>> If the stack hides means to determine directionality, as it does, and applications, as it does, we should take a pause to determine how we would detect whether it has services running on it that aren’t intended, as has happened all too often.[1]. These are use cases that QUIC was not designed to address.
> So [1] is a case where the firmware web server had an embarrassing bug - it's not an example where someone hacked in and ran another service in addition to (or instead of) the manufacturer one. So that's not a fitting example for the point you are trying to raise.

Yes it is.  It’s a misconfiguration that could easily be blocked with the existing TCP model, and it was in a great many environments.  With QUIC, spotting these sorts of misconfigurations may prove more difficult.  Not impossible, mind you.

> We can certainly debate whether more encryption and/or obfuscation makes network-based threat detection harder or not. It might even be the case that there are wrinkles in the IoT space that aren't there in the broader web space, in terms of appropriateness or trade-offs. But in general, I think this issue is a general one, and not IoT-specific.

Let’s agree that IoT is a pretty big category.  I gave you two very specific examples of where TLS 1.3 itself is more of a hindrance than a help because of the nature of the system in play.  Those examples comprise a common case for IoT.  I would never say the same thing about browser based communications.  Because IoT is such a big category, there may be cases where privacy issues either conflict with or will overtake other concerns.

Let me give you a good example of conflict:

Dad wants to know what information daughter’s Internet toy is exfiltrating and to whom.  Does the toy have a camera or a microphone that wasn’t advertised in the documentation, as happened with one particular device[1]?  On the other hand, dad would very much like whatever information is being shared to only be shared with authorized parties.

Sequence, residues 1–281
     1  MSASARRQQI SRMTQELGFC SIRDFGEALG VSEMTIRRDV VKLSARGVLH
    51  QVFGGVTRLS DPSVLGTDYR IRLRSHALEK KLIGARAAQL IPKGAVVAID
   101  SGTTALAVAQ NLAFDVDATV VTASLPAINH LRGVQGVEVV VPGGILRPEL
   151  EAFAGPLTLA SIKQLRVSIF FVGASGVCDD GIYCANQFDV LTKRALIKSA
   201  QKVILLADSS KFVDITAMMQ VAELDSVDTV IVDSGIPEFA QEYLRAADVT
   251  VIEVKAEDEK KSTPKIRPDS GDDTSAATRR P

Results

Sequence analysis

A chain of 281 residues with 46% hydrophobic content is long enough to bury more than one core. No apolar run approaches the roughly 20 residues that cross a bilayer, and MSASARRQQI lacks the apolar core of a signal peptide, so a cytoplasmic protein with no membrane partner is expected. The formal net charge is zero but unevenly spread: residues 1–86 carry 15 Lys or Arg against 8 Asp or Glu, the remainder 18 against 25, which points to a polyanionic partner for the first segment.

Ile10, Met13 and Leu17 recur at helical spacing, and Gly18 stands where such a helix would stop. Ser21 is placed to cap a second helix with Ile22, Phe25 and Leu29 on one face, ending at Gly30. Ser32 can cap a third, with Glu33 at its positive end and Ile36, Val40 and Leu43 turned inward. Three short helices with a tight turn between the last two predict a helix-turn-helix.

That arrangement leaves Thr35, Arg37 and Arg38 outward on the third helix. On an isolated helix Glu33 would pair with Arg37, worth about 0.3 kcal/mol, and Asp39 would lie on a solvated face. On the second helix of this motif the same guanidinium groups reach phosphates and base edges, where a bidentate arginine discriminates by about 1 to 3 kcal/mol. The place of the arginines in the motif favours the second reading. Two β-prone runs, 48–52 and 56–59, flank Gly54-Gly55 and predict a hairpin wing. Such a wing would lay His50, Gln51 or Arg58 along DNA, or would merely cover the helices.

Want more conflict?  Let’s assume that the CPAP machine I described above uses my local wifi and something goes wrong, and the patient dies.  The next of kin want the data, but the CPAP service owner refuses.  In fact, the CPAP service owner even refuses to describe what data is being collected.  On the other hand, a patient would very much like whatever information is being shared to only be shared with authorized parties (2nd verse, same as the first).

Now… some of this is encryption and some of this is transport, but the QUIC and H3 have intentionally intertwined the two to attempt to reduce middle box interference.  That very interference is what a great many IoT deployments need.

>> On the other hand, we do want the IoT community to leverage the best that the Web community has delivered, if and when it is appropriate, and even when the whole package is not, it is best that they adopt the components that are, so that they don’t end up having to repeat old mistakes.
> Exactly. Given the ever increasing amount of engineering cycles that are being poured into QUIC, the IoT community should absolutely try to leverage that to the max, where it can.

But the community also requires guidance to understand where it is appropriate, and quite frankly I don’t think we know that yet.